Sen. Hastings

SPRINGFIELD – A new law may soon be on the books to help ensure insurance coverage for certain infertility treatments, thanks to State Senator Michael E. Hastings.

“My daughter was born via in vitro fertilization, so this is near and dear to my heart,” said Hastings (D-Frankfort). “It is truly unfortunate that individuals or families that are already facing heartbreak due to infertility complications are being forced to fight their insurance companies in order to start or expand their family. Not only that, but it is problematic when a doctor recommends a course of treatment that's beneficial to the family, that an insurance company has the ability to trump that doctor.”

Hastings filed Senate Bill 2639 in response to a constituent in his district whose physician had recommended that they seek in vitro fertilization treatment. However, when the constituent tried to access IVF care, they were told by their insurance provider that they had to complete other procedures before it would be covered by their insurance company, even with the recommendation of their licensed physician.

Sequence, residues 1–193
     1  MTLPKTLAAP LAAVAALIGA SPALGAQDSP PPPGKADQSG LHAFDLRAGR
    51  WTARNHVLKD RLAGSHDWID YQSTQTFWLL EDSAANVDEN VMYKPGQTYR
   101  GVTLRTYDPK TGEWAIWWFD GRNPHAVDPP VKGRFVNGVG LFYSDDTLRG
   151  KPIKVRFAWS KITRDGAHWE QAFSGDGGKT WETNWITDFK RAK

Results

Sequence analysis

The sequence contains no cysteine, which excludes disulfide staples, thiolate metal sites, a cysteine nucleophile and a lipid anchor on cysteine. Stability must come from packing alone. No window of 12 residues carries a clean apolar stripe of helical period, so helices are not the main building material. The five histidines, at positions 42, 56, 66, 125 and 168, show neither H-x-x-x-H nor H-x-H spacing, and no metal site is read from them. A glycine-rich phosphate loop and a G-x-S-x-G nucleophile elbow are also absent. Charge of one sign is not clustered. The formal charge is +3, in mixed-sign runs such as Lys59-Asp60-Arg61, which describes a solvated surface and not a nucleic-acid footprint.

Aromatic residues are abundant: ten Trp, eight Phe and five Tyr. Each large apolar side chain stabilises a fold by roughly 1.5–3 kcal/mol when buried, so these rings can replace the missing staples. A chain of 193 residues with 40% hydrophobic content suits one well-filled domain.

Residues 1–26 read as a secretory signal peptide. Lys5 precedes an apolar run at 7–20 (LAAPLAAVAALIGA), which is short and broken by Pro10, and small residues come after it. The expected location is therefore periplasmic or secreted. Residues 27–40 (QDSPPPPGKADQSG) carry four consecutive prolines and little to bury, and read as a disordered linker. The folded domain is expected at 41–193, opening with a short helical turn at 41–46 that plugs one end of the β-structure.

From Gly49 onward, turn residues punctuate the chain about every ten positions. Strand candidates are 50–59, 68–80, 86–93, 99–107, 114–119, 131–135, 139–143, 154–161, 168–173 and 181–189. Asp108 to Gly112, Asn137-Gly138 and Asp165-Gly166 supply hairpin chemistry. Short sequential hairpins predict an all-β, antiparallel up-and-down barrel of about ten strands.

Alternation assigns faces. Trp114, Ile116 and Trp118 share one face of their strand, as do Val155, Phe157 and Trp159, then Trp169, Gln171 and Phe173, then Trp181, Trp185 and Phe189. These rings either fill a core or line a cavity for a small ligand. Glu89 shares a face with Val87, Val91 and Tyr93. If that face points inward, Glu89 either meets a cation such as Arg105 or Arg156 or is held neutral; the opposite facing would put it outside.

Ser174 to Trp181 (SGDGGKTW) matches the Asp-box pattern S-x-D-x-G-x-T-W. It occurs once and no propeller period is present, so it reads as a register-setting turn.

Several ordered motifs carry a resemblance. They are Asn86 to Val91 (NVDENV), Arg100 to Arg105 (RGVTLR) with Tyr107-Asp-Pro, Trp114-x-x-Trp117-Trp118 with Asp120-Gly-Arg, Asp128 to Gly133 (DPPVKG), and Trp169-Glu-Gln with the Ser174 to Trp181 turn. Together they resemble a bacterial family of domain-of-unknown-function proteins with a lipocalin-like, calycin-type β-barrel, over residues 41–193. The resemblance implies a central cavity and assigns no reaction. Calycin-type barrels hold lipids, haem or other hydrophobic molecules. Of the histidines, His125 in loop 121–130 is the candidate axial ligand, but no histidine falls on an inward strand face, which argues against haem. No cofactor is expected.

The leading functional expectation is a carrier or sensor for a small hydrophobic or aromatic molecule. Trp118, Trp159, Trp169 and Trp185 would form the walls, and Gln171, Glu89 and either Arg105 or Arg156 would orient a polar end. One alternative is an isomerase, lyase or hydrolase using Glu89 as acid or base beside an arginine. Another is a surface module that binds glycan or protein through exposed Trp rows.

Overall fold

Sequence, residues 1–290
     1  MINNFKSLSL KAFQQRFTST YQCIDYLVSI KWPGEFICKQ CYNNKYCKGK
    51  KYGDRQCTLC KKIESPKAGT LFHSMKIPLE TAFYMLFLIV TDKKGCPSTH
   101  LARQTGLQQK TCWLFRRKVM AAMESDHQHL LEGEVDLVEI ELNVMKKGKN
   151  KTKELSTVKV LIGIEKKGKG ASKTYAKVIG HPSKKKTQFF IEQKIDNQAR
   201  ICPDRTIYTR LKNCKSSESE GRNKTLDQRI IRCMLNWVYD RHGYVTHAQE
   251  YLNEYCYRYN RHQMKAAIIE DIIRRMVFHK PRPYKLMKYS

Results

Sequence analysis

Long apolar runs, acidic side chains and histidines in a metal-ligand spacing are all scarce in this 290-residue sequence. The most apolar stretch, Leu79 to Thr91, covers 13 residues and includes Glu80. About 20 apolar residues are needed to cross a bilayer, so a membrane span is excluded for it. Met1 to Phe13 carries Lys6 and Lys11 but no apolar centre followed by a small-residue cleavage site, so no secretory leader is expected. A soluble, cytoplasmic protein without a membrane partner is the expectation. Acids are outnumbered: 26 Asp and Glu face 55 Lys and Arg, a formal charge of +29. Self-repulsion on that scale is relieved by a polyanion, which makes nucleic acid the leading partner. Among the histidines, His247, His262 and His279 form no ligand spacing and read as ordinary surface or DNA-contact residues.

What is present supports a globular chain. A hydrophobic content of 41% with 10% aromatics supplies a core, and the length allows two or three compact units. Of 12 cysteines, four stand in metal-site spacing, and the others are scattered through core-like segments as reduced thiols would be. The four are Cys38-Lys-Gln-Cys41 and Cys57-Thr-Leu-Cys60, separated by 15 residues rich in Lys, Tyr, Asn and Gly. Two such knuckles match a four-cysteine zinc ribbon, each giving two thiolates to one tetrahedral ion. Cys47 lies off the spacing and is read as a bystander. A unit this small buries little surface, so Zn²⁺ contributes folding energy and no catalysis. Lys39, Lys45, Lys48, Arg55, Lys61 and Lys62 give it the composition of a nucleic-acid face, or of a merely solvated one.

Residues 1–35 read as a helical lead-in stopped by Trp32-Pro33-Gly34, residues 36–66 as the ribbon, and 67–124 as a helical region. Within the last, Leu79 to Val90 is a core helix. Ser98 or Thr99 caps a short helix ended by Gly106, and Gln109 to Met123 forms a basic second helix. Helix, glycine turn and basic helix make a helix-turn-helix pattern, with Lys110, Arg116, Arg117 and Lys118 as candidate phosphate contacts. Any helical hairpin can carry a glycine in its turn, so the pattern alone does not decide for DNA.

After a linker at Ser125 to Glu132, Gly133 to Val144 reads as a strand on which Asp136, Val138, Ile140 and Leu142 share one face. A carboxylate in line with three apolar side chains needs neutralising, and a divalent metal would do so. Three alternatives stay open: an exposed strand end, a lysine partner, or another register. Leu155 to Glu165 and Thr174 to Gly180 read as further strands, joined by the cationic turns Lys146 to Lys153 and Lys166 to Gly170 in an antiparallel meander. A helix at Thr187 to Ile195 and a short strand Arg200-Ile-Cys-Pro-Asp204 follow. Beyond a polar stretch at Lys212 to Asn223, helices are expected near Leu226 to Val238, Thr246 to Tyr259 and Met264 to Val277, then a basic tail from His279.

This measure will ensure that insurance companies will provide coverage for infertility treatments that are recommended by a physician without requiring them to complete treatments that were deemed ineffective by their doctor.

Senate Bill 2639 would also allow a licensed physician to immediately approve any of these procedures based on the covered patient's medical, sexual, and reproductive history, age, physical findings, or diagnostic testing.

According to the Kaiser Family Foundation, approximately 10% of couples receive medical help to become pregnant.

“Medical decisions should be made between a medical professional and patient – not by insurance companies,” said Hastings. “This legislation moves us one step closer toward ensuring insurance companies do not have the ability to deny infertility treatments prescribed by medical professionals.”

Senate Bill 2639 passed the Senate’s Insurance Committee on Tuesday and moves to the full Senate for consideration.